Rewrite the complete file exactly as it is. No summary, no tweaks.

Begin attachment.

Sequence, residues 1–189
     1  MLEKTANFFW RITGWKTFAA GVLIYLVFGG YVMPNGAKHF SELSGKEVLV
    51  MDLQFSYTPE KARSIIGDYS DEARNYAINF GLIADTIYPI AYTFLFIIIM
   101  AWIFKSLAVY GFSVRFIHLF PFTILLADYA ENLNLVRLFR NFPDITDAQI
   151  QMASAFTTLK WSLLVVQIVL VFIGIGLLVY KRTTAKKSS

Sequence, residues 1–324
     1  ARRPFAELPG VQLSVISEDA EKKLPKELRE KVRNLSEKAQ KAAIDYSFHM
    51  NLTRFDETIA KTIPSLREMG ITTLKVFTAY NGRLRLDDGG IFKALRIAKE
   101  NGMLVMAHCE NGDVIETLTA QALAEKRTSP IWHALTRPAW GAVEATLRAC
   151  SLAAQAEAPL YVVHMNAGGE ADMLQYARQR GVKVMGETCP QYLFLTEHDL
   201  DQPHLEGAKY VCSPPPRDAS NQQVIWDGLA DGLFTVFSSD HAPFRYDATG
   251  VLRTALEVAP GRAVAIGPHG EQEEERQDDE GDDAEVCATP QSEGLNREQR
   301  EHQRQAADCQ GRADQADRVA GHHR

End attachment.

Sequence, residues 1–189
     1  MLEKTANFFW RITGWKTFAA GVLIYLVFGG YVMPNGAKHF SELSGKEVLV
    51  MDLQFSYTPE KARSIIGDYS DEARNYAINF GLIADTIYPI AYTFLFIIIM
   101  AWIFKSLAVY GFSVRFIHLF PFTILLADYA ENLNLVRLFR NFPDITDAQI
   151  QMASAFTTLK WSLLVVQIVL VFIGIGLLVY KRTTAKKSS

Sequence, residues 1–324
     1  ARRPFAELPG VQLSVISEDA EKKLPKELRE KVRNLSEKAQ KAAIDYSFHM
    51  NLTRFDETIA KTIPSLREMG ITTLKVFTAY NGRLRLDDGG IFKALRIAKE
   101  NGMLVMAHCE NGDVIETLTA QALAEKRTSP IWHALTRPAW GAVEATLRAC
   151  SLAAQAEAPL YVVHMNAGGE ADMLQYARQR GVKVMGETCP QYLFLTEHDL
   201  DQPHLEGAKY VCSPPPRDAS NQQVIWDGLA DGLFTVFSSD HAPFRYDATG
   251  VLRTALEVAP GRAVAIGPHG EQEEERQDDE GDDAEVCATP QSEGLNREQR
   301  EHQRQAADCQ GRADQADRVA GHHR